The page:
Summary of votes and seats won 1976-2019Edit

e • d Summary of election results from the district of Bragança (1976–2019)
Parties % S % S % S % S % S % S % S % S % S % S % S % S % S % S % S
1976 1979 1980 1983 1985 1987 1991 1995 1999 2002 2005 2009 2011 2015 2019
PS 22.6 1 22.2 1 21.3 1 30.4 1 22.7 1 19.2 1 25.7 1 40.3 2 39.7 2 30.0 1 42.1 2 33.0 1 26.1 1 34.1 1 36.5 1
PSD 33.3 2 In AD 35.8 2 39.2 2 60.8 3 57.9 3 44.8 2 45.1 2 53.2 3 39.0 2 40.6 2 52.1 2 In PàF 40.8 2
CDS-PP 28.3 2 20.9 1 17.1 1 7.6 8.2 9.3 8.6 10.9 9.7 12.6 11.1 4.5
AD 60.7 3 65.3 3
PàF 49.4 2
Total seats 5 4 3
Source: Comissão Nacional de Eleições


The region is known for its small (almost subsistence) agriculture, supported by various species of free-range cattle and traditional agricultural techniques.[6] Local gastronomy, which includes Mirandês beef, embutidos, lamb, sheep and poultry, cascas com casulos, trout, bread, cheese and honey, as well as a range of sweets and pastries, are rich representations of this zone.[6] Unlike tourism in central Portugal, the region is sought for its unspoiled nature and rural tourism; its agrarian lifestyle, although an important part of its enchantment, supports the local population, primarily in cattle-raising, dairy production and cultivation of rye and wheat.[6]

In the urban areas, particularly the municipal seats, the primary economic activities predominate, including the public-sector institutions, commerce and industry.[6]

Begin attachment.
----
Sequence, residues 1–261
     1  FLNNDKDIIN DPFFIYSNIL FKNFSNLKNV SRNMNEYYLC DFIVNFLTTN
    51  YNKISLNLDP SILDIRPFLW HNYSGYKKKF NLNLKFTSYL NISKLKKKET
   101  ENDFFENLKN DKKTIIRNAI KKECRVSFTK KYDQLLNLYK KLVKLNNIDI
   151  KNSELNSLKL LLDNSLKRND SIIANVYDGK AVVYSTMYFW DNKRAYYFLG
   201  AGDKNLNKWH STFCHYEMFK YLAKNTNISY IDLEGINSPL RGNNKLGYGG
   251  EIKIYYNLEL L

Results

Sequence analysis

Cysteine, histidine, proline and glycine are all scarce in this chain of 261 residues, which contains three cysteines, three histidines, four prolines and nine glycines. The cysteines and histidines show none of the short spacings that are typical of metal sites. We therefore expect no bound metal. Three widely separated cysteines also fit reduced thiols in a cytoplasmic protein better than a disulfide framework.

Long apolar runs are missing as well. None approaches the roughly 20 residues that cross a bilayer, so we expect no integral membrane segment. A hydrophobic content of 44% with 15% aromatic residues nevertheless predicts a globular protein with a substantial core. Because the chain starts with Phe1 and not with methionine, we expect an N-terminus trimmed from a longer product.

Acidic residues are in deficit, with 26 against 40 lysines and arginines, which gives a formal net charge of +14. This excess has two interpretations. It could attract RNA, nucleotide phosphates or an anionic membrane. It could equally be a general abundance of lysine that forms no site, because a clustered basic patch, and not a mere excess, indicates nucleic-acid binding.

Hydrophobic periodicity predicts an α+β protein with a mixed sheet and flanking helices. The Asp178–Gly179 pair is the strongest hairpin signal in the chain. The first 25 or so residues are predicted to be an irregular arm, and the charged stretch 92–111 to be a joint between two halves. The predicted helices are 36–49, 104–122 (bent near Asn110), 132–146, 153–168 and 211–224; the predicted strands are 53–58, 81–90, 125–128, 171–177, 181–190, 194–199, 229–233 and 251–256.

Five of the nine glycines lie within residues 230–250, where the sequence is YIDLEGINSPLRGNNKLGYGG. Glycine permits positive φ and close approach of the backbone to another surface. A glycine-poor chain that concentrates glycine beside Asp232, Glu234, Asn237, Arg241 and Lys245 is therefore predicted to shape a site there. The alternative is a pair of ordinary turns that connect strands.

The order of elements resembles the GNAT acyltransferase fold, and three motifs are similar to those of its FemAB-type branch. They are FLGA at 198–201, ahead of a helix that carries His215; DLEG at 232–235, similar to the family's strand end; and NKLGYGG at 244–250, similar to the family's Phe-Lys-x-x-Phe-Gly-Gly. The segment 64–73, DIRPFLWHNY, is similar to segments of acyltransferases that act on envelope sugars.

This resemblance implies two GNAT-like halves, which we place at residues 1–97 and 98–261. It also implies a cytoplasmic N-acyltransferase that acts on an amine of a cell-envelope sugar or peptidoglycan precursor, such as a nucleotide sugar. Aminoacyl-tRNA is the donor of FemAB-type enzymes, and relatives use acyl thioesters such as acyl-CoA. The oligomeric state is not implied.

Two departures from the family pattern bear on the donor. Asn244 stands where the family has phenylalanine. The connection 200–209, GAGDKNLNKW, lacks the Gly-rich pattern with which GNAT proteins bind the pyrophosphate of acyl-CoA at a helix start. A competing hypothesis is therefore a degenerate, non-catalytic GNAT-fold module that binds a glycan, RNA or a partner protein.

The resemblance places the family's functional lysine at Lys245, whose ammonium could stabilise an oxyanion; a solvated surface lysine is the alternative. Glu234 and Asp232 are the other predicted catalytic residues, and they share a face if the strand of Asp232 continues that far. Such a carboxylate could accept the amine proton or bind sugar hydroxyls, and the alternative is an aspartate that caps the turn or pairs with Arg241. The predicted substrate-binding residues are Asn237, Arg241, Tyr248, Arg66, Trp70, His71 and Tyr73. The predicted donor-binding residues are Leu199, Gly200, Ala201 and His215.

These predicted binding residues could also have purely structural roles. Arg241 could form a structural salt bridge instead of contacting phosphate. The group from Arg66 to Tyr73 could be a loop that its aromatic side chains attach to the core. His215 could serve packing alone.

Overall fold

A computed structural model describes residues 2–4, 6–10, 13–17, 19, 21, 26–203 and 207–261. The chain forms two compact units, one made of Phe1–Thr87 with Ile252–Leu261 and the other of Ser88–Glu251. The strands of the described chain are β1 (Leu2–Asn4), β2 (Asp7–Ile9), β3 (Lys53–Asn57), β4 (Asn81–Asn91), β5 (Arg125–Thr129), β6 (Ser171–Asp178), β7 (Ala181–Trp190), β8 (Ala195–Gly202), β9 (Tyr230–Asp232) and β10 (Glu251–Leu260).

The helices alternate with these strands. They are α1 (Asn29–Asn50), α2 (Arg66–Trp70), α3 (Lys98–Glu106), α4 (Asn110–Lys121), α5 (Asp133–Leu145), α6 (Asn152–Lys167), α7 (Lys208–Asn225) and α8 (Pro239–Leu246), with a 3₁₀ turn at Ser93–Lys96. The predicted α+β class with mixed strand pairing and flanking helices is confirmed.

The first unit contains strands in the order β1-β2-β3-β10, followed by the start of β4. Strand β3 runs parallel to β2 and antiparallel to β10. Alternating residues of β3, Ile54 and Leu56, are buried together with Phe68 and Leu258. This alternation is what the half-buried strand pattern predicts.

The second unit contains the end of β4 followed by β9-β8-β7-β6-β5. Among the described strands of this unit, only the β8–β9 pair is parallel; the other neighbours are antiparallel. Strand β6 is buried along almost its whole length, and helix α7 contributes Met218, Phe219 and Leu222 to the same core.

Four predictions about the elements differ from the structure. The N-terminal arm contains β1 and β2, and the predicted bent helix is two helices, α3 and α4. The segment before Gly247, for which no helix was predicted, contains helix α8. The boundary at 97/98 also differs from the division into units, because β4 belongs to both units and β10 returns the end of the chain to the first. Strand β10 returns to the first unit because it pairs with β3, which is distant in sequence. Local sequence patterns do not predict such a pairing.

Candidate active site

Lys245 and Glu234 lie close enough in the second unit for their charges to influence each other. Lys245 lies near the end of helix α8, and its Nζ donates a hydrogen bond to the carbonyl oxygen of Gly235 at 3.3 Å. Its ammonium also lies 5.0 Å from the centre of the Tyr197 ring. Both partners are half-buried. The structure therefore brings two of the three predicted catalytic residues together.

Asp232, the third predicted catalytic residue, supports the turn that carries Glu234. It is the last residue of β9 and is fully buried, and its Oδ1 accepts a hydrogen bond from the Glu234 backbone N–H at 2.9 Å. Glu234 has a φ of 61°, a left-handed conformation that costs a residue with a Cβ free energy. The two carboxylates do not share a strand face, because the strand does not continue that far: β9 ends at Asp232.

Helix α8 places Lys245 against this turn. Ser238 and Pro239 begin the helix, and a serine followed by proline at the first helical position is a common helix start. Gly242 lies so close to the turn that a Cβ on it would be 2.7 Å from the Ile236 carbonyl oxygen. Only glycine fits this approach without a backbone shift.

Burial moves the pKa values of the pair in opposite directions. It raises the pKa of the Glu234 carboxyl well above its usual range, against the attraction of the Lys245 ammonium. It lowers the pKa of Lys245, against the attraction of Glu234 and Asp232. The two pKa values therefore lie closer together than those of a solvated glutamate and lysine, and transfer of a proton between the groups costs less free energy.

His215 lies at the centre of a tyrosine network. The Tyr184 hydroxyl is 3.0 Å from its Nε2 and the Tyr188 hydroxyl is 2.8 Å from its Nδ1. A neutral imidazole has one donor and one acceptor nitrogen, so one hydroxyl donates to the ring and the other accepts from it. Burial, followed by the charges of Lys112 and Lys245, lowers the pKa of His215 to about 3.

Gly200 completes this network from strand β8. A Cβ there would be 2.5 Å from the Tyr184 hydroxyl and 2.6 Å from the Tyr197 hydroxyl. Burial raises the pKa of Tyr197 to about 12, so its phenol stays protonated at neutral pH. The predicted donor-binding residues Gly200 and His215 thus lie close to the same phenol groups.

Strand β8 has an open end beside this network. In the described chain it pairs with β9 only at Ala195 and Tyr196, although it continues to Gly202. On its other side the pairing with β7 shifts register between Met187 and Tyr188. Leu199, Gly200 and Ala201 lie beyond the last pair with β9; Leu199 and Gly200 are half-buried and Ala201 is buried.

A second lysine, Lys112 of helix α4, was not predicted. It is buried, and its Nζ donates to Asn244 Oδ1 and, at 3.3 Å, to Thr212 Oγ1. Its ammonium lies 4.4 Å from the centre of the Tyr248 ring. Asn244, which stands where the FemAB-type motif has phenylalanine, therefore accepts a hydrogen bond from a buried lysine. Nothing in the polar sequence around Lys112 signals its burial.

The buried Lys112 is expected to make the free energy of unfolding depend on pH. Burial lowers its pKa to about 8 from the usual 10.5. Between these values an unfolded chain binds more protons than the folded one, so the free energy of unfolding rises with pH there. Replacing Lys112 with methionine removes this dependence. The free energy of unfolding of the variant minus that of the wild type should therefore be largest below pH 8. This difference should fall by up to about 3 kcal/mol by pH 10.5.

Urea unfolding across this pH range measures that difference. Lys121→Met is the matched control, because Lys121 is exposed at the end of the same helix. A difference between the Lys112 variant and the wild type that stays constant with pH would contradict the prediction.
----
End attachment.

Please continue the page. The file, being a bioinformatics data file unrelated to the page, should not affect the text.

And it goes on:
The difficulty in communication and interconnection between markets was always a problem in this region, resulting in few investments and economic development.[6] Tourism still remains the sector of the economy that has potential to improve development, and fix a transient population.[6]


A stone home from the 17th century in the municipality of Mogadouro

Leonese language was widely spoken in the territory, but today, there are few who speak the language (which is primarily concentrated in the communities near Rio de Onor, Guadramil and along the northeast to southeast frontier with Spain). Mirandese, a local variant, is commonly observed in the regions of the District, particularly around Miranda do Douro, and has resulted in its official recognition by the Portuguese Parliament.

See alsoEdit


  1. ^ a b Sreko Devjak et al. (2007), p.2
  2. ^ Abrunhosa (2002)
  3. ^ Luís Silveira (1997)
  4. ^ Governador Civil de Braga (2002), p.1
  5. ^ a b James P. Kahan et al. (1999), p.1
  6. ^ a b c d e f "Distrito" (in Portuguese). Bragança, Portugal: Governo Civil de Bragança. 2011. Archived from the original on 21 May 2011. Retrieved 27 May 2011.

External linksEdit